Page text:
Employment conditions in hotels are hidden, but activists are going undercover to expose the terrible working practices maids and cleaners endure.

Unlimited parental leave: progress or PR coup?

The new Netflix employee perk doesn't stand up to scrutiny, but softens their brand.

Women's working lives in the ‘new’ university

Is there room for any women other than the "exceptional woman", let alone women with children, in the new hyper-stratified university?

Jeremy Corbyn: Labour’s gift to British women?

Jeremy Corbyn's Working with Women policy document has been well received by feminists, but the silence on the intersectionality of religious fundamentalism and women’s oppression, and on prostitution, raises questions.

RIP NLP: Five lessons from the life and death of New Left Project

If we want a diverse and democratic media landscape, we need to figure out how to fund it.

Jeremy Corbyn and women’s experiences of austerity

Jeremy Corbyn’s bid for Labour Party leadership may also mean that the damage of austerity, particularly to women, is finally being recognised. 

Towards Plan F: planning for a feminist economy in the UK

Feminists must reject mainstream austerity rhetoric and challenge politicians to adopt an alternative 'Plan F' to bring about equality between women and men on the basis of a caring and sustainable economy.

Migrant women in the UK: settling for rather than settling in

Women with a high level of educational qualifications who migrate to the UK to join their British husbands are finding the path to employment strewn with obstacles.

Gender and tax justice

The heart of tax injustice is gender dominance, the language of secrecy, and an industry and culture which under free-market rules has normalised the subjugation and exclusion of women.

From Northern Ireland to Korea: the power of nonviolence and love in action

As thirty international women peacemakers prepare to cross the DMZ with women from North and South Korea, Nobel Peace Laureate Mairead Maguire speaks in Pyongyang of the power of forgiveness.

Where your conscience can take you: North Korea

On 24 May, thirty women peacebuilders crossed the De-Militarized Zone that separates Korean families. Ann Wright describes her journey from serving in the US Army to citizen diplomat walking for peace.

Nepal's earthquake: grassroots women as first responders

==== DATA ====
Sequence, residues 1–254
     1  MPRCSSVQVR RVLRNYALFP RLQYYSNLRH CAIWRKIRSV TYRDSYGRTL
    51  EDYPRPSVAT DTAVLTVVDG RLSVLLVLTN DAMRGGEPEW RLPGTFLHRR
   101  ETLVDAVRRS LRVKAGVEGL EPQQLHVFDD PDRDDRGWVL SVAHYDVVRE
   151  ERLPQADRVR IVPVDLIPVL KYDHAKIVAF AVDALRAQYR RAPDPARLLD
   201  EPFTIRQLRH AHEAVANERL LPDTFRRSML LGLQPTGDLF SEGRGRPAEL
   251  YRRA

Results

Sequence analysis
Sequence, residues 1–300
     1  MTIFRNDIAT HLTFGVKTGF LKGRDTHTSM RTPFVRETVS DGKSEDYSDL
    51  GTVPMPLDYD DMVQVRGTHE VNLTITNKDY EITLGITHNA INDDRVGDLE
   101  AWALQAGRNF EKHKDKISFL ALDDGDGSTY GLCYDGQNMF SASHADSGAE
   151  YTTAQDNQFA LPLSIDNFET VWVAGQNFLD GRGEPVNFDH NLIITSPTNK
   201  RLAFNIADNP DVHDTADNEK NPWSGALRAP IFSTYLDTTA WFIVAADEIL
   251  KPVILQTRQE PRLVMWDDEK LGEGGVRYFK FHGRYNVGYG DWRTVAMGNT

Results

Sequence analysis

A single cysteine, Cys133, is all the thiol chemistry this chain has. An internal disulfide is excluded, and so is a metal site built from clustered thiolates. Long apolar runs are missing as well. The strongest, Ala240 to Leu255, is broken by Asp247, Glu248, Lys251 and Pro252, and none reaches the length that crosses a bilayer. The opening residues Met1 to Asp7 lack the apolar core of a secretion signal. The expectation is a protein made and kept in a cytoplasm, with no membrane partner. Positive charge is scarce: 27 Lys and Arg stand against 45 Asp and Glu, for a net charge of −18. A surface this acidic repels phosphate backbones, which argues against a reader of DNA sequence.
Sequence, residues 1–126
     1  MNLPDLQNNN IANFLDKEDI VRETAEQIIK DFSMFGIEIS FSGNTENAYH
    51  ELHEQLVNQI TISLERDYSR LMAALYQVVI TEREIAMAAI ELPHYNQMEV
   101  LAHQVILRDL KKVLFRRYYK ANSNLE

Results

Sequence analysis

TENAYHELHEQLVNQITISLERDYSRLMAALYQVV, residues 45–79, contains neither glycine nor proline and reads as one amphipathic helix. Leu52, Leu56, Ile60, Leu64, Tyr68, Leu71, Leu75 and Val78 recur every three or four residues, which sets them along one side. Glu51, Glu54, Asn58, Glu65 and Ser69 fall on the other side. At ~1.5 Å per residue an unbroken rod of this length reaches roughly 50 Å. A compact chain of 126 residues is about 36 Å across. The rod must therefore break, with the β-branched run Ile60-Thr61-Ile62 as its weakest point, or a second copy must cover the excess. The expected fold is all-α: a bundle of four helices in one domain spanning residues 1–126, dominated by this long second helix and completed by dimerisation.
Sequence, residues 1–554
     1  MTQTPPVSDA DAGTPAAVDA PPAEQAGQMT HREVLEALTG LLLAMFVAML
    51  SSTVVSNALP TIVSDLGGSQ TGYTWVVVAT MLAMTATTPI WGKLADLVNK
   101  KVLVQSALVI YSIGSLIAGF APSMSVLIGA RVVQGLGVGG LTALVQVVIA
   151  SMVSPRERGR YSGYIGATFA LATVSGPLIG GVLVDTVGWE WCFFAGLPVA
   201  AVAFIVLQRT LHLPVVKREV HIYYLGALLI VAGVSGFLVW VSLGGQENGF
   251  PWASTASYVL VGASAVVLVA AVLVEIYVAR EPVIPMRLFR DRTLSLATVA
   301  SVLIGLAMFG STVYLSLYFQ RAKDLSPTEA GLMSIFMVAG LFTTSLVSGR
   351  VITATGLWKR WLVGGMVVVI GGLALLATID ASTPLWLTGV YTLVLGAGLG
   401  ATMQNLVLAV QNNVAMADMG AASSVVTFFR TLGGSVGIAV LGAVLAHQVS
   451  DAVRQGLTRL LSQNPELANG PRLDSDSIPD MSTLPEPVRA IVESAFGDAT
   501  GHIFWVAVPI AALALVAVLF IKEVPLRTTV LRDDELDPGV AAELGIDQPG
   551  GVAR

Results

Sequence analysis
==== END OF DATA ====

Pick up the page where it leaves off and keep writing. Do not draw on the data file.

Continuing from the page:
Networks of Nepali grassroots women are reconstituting protective guards against increased violence against women, and have compiled core guidelines for relief workers to ensure the particular needs of women and girls are met.

"There’s nothing left" - women’s future under the Conservatives in the UK

With a Conservative victory in the UK election, even deeper cuts are looming for women already in poverty and at risk, and the suffering will become entrenched.

How land rights are politicising Cambodia's women

Land grabbing and forced evictions have created an activist movement among women who traditionally conform to strict gender roles.

Sabeen Mahmud: “I stand up for what I believe in, but I can’t fight guns”

Sabeen Mahmud alleviated intellectual poverty until the day she was murdered, 24 April 2015. In an interview with Karima Bennoune in 2010 Mahmud explained why she founded a politico-cultural space in Karachi.

A tribute to Joan Kagezi: the murder of a human rights defender

Joan Kagezi was a lead prosecutor in high profile cases in Uganda, including against a former LRA commander and those accused of terrorism. She was shot dead in front of her children last month.

Defending the Defenders: a daunting challenge

Women human rights defenders are under attack. The Nobel Women's Initiative conference convenes today to deepen the understanding of the risks, and to develop strategies to strengthen efforts to defend the defenders.

Our Lives: Poverty then and now in the UK

A report launched today, Our Lives: Challenging attitudes to poverty in 2015, captures the humanity of the experience of poverty and calls for change as radical as the social reform in the 1940s.